Latest stories from i100
Have you tried new the Independent Digital Edition apps?

Day In a Page

Abuse - and the hell that came afterwards

Abuse - and the hell that follows

James Rhodes on the extraordinary legal battle to publish his memoir
Why we need a 'tranquility map' of England, according to campaigners

It's oh so quiet!

The case for a 'tranquility map' of England
'Timeless fashion': It may be a paradox, but the industry loves it

'Timeless fashion'

It may be a paradox, but the industry loves it
If the West needs a bridge to the 'moderates' inside Isis, maybe we could have done with Osama bin Laden staying alive after all

Could have done with Osama bin Laden staying alive?

Robert Fisk on the Fountainheads of World Evil in 2011 - and 2015
New exhibition celebrates the evolution of swimwear

Evolution of swimwear

From bathing dresses in the twenties to modern bikinis
Sun, sex and an anthropological study: One British academic's summer of hell in Magaluf

Sun, sex and an anthropological study

One academic’s summer of hell in Magaluf
From Shakespeare to Rising Damp... to Vicious

Frances de la Tour's 50-year triumph

'Rising Damp' brought De la Tour such recognition that she could be forgiven if she'd never been able to move on. But at 70, she continues to flourish - and to beguile
'That Whitsun, I was late getting away...'

Ian McMillan on the Whitsun Weddings

This weekend is Whitsun, and while the festival may no longer resonate, Larkin's best-loved poem, lives on - along with the train journey at the heart of it
Kathryn Williams explores the works and influences of Sylvia Plath in a new light

Songs from the bell jar

Kathryn Williams explores the works and influences of Sylvia Plath
How one man's day in high heels showed him that Cannes must change its 'no flats' policy

One man's day in high heels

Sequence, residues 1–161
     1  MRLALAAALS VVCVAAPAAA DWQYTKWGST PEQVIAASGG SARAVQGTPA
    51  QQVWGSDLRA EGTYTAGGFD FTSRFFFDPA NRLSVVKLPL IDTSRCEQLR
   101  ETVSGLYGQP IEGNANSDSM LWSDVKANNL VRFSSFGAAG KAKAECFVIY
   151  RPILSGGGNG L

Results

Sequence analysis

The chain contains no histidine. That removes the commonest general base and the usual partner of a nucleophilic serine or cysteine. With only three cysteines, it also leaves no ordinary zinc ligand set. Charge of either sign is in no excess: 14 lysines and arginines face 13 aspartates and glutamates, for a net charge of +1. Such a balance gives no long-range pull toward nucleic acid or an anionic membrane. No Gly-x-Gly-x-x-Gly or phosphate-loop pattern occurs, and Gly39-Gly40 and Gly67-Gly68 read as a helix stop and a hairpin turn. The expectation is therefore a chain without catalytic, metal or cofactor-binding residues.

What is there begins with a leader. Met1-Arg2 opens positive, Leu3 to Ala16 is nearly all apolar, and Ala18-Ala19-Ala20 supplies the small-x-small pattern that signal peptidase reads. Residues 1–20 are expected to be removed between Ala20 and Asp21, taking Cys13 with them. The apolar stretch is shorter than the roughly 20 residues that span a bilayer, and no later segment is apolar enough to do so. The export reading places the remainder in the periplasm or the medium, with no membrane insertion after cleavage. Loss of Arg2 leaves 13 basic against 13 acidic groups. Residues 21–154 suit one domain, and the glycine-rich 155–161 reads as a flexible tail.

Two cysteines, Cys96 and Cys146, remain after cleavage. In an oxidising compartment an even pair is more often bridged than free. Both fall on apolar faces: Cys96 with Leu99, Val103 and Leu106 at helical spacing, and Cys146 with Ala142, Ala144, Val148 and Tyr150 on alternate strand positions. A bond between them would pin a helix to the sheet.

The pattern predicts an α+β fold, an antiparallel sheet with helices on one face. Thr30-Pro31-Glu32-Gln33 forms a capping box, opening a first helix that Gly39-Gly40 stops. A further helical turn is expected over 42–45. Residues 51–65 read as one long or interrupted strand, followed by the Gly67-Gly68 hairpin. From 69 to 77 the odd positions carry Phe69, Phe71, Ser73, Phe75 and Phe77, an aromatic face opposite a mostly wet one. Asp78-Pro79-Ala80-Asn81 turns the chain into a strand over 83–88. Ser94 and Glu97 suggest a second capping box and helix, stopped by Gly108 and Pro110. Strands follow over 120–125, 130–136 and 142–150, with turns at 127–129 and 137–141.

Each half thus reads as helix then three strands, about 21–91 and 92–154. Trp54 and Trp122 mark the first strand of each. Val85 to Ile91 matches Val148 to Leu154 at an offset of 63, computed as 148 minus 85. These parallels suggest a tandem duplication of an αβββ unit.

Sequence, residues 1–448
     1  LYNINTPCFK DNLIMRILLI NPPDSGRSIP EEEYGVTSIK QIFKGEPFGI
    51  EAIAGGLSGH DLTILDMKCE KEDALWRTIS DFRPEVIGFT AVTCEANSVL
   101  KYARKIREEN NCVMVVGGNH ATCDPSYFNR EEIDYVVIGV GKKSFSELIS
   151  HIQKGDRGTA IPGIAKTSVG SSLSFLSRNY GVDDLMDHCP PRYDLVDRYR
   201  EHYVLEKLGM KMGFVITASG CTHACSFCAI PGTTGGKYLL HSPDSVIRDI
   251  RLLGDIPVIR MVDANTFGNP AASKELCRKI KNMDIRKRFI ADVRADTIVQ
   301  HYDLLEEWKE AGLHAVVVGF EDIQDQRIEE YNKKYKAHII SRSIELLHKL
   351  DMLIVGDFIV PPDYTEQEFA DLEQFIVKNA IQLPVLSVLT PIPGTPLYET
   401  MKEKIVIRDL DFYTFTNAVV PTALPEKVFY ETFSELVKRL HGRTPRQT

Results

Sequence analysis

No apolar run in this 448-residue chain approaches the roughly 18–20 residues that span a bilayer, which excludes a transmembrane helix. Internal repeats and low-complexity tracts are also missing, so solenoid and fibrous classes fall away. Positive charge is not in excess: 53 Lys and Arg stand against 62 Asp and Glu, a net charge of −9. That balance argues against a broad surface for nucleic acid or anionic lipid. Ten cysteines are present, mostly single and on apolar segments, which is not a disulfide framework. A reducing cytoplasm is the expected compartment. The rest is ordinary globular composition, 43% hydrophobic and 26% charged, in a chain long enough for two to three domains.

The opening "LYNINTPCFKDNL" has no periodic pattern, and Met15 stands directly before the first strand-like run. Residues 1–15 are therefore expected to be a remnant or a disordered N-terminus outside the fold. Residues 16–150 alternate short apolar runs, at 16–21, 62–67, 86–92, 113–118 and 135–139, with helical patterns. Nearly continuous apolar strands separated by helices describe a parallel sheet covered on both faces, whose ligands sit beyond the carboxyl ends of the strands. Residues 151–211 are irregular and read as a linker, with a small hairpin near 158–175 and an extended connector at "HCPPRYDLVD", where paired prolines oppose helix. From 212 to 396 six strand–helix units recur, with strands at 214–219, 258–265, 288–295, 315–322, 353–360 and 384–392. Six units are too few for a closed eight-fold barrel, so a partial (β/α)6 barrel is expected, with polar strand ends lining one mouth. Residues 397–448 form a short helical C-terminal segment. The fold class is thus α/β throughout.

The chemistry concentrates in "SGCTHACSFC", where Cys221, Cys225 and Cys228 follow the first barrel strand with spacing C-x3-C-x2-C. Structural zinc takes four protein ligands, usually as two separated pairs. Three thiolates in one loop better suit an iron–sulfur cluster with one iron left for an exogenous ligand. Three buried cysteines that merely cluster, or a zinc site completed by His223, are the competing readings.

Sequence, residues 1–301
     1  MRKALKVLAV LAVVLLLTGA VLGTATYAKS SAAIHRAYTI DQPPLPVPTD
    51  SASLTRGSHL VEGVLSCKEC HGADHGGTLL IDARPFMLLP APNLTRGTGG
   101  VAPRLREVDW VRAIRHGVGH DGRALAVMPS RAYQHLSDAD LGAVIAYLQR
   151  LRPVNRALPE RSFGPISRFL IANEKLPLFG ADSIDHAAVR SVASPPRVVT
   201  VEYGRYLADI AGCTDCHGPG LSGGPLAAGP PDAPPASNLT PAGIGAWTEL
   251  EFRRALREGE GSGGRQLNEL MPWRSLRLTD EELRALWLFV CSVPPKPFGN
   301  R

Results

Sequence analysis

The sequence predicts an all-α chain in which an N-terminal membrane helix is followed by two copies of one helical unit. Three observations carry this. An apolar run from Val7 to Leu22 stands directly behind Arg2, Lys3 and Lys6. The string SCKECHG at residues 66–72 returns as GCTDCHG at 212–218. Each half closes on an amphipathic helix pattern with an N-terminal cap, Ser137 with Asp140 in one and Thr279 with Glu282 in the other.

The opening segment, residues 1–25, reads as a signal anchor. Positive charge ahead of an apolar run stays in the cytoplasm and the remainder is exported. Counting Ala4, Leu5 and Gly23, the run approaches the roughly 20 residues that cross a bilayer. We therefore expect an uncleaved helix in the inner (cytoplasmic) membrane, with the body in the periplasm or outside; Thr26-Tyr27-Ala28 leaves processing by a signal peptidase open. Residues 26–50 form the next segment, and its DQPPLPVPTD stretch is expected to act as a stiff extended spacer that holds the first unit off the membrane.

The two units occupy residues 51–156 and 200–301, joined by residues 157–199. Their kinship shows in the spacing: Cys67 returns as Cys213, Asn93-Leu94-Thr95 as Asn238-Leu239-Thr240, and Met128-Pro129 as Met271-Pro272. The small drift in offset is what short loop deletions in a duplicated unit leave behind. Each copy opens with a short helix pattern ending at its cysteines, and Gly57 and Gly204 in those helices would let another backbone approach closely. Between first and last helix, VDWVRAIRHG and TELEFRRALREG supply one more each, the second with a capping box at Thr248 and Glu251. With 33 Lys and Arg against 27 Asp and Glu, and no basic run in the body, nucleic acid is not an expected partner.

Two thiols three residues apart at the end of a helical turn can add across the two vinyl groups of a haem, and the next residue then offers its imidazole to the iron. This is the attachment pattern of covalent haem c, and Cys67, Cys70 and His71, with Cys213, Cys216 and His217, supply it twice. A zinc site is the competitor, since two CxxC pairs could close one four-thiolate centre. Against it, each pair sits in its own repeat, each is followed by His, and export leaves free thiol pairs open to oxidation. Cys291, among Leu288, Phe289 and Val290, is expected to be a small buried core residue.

...showed him that Cannes must change its 'flats' policy
Is a quiet crusade to reform executive pay bearing fruit?

Is a quiet crusade to reform executive pay bearing fruit?

Dominic Rossi of Fidelity says his pressure on business to control rewards is working. But why aren’t other fund managers helping?
The King David Hotel gives precious work to Palestinians - unless peace talks are on

King David Hotel: Palestinians not included

The King David is special to Jerusalem. Nick Kochan checked in and discovered it has some special arrangements, too
More people moving from Australia to New Zealand than in the other direction for first time in 24 years

End of the Aussie brain drain

More people moving from Australia to New Zealand than in the other direction for first time in 24 years
Meditation is touted as a cure for mental instability but can it actually be bad for you?

Can meditation be bad for you?

Researching a mass murder, Dr Miguel Farias discovered that, far from bringing inner peace, meditation can leave devotees in pieces
Eurovision 2015: Australians will be cheering on their first-ever entrant this Saturday

Australia's first-ever Eurovision entrant

Australia, a nation of kitsch-worshippers, has always loved the Eurovision Song Contest. Maggie Alderson says it'll fit in fine